Butterflies are in severe decline in the UK, indicating a worsening of the environment for much of our wildlife. Numbers of common butterflies have dropped by a quarter since the 1970s, with some decreasing even more severely.
Populations of the much-loved Small Tortoiseshell, for example, have fallen by 73%. Butterfly Conservation is asking people to help from today until 7 August by taking part in the world’s biggest butterfly count.
Simply spend 15 minutes in a sunny spot looking for and counting butterflies. You can count on a woodland walk, in your garden or anywhere. Your sightings will help improve understanding of how butterflies are faring and, because butterflies are good indicators of wildlife trends, help to ‘take nature’s pulse’.
Some of the most common Big Butterfly Count species that you might see on a woodland walk:
Description: The male Brimstone is the only large, lemon-yellow butterfly in the UK, so is unmistakeable. The female is cream-coloured and can be confused with other butterflies such as the Large White, although the Brimstone has no black on its wings.
Range: Occurs across England and Wales, but scarce in Scotland and Northern Ireland.
Diet: Brimstone caterpillars feed on the leaves of two native shrubs: Buckthorn and Alder Buckthorn. The butterflies visit flowers to drink nectar and are particularly drawn to purple flowers such as thistles.
Fact: Brimstones hibernate among vegetation such as ivy, where their scalloped, veined wings closely resemble leaves, providing excellent camouflage.
Description: Dark brown wings liberally speckled with cream dots are distinctive among the other brown butterflies in the UK.
Range: Has spread northwards in recent decades to colonise East Anglia, the Midlands and almost all of northern England in response to climate change. At the same time, small Scottish populations in the warmest west coast and Moray Firth areas have spread considerably.
Diet: Speckled Wood caterpillars feed on grasses such as Yorkshire-fog. The adult butterflies don’t usually visit flowers, feeding instead from ‘honeydew’ – sweet secretions left on leaves by aphids.
Fact: Male Speckled Woods often perch in small pools of sunlight, waiting to intercept passing females. If they spot a rival male instead, spectacular aerial fights ensue, with the males spiralling upwards, each trying to get above the other.
Description: The orange and brown wings of the Comma are deeply scalloped to give an almost ragged appearance. On the underside of the hindwing, visible if the butterfly has its wings closed, is a small silvery comma-shaped marking.
Range: At one time restricted to southern Britain, this butterfly has colonised huge areas of the UK over the past 50 years and now breeds right up to central Scotland. A few have even crossed the sea to start to colonise Ireland.
Diet: Comma caterpillars, which are camouflaged to resemble bird droppings, feed on a range of plants including nettle, hop and elm. The butterflies feed from flowers and also fallen fruit.
Fact: The butterfly has a flexible life-cycle enabling it to make the best of the vagaries of the UK climate; depending on the weather, spring/early summer caterpillars can develop either into Commas that go straight into hibernation or into ones that will breed straight away and give rise to a new generation in the autumn.
Description: The most common blue butterfly in UK woodlands and gardens, the Holly Blue, which was once known as the Azure Blue, can be distinguished from the widespread Common Blue by the lack of any orange dots on the undersides of the Holly Blue’s wings.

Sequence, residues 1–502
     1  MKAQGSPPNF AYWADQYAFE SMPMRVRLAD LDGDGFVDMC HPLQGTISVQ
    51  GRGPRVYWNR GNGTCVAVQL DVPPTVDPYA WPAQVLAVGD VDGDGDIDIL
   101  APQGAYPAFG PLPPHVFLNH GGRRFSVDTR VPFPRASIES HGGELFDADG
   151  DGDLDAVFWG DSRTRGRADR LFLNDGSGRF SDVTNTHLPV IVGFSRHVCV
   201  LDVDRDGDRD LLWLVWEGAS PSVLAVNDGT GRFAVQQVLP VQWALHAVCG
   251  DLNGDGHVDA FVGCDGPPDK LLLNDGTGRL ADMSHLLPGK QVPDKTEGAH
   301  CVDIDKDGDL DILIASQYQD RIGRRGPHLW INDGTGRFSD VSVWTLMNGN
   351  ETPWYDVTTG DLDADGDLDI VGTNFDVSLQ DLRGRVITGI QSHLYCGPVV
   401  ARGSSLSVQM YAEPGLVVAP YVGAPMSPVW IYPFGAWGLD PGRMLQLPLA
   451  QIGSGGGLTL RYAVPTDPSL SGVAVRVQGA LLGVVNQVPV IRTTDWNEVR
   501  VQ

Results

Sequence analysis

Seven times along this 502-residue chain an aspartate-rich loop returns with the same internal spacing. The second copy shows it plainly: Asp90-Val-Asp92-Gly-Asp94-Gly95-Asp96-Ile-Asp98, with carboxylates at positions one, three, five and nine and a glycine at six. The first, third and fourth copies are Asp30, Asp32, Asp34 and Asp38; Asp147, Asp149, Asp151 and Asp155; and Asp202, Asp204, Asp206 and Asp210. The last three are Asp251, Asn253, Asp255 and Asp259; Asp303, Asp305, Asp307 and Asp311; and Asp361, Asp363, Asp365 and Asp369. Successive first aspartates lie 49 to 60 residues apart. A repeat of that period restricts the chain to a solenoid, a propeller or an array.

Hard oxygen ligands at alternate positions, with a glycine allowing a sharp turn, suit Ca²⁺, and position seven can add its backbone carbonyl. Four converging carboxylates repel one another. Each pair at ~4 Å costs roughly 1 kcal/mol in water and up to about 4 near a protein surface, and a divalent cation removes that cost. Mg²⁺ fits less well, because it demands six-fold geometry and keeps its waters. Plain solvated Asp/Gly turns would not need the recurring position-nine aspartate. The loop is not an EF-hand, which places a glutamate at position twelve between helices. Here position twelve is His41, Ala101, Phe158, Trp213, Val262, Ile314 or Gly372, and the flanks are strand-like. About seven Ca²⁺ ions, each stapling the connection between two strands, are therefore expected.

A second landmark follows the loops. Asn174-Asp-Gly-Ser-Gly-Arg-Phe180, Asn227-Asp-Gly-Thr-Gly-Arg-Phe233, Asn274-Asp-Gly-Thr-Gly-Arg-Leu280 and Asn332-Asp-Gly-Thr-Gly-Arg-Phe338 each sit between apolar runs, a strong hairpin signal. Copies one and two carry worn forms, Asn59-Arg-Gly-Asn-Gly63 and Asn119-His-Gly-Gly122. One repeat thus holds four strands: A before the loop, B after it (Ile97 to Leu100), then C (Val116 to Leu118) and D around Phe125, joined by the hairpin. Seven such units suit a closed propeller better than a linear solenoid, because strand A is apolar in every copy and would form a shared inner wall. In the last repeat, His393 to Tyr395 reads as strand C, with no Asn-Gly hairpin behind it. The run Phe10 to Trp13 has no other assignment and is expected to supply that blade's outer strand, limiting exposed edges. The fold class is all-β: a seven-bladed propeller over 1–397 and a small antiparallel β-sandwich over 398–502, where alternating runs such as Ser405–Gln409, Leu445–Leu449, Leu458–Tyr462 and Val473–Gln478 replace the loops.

Range: Widespread in the southern half of Britain and spreading northwards. Has recently colonised the Edinburgh area. Less widespread in Northern Ireland, where it is mainly found in the east.
Diet: Holly Blue caterpillars feed mainly on the flower buds and berries of plants such as holly, ivy, spindle and dogwood. The adult butterflies feed on aphid ‘honeydew’.
Fact: Holly Blue populations go through regular cycles of boom and bust, caused by a parasitic wasp, whose young develop inside the butterfly’s caterpillars/pupae, ultimately causing their death. When Holly Blue caterpillars are abundant, the wasp thrives and kills so many that the population of the butterfly is driven down. However, once at low levels, the wasps find it difficult to locate caterpillars and so its population declines allowing the butterfly to increase once again.
Description: Reddish–purple wings with large, dramatic eye-spot patterns make the Peacock one of the UK’s most familiar and best-loved butterflies.
Range: Throughout the UK, although a recent colonist in the far north of Scotland.
Diet: Peacock caterpillars live in large groups on nettles. The adult butterflies visit flowers and are common garden visitors to plants such as Buddleia in late summer, when they are building up their fat reserves for hibernation.
Fact: The Peacock butterfly can scare off predators such as birds by suddenly flicking its wings open to reveal the large ‘eye-spot’ markings. It can also make a hissing sound that may also help to deter mammal predators, such as mice and bats, particularly during the butterfly’s long hibernation.
Take part in the Big Butterfly Count
Anyone can get involved in the Big Butterfly Count, young and old, and you certainly don’t need to be an expert! There is a butterfly identification chart available to print off and take out with you or a free app if you prefer. So why not get involved – enjoy 15 minutes of peace with these jewels of our woodland wildlife and help us to track their fortunes and protect them for generations to come.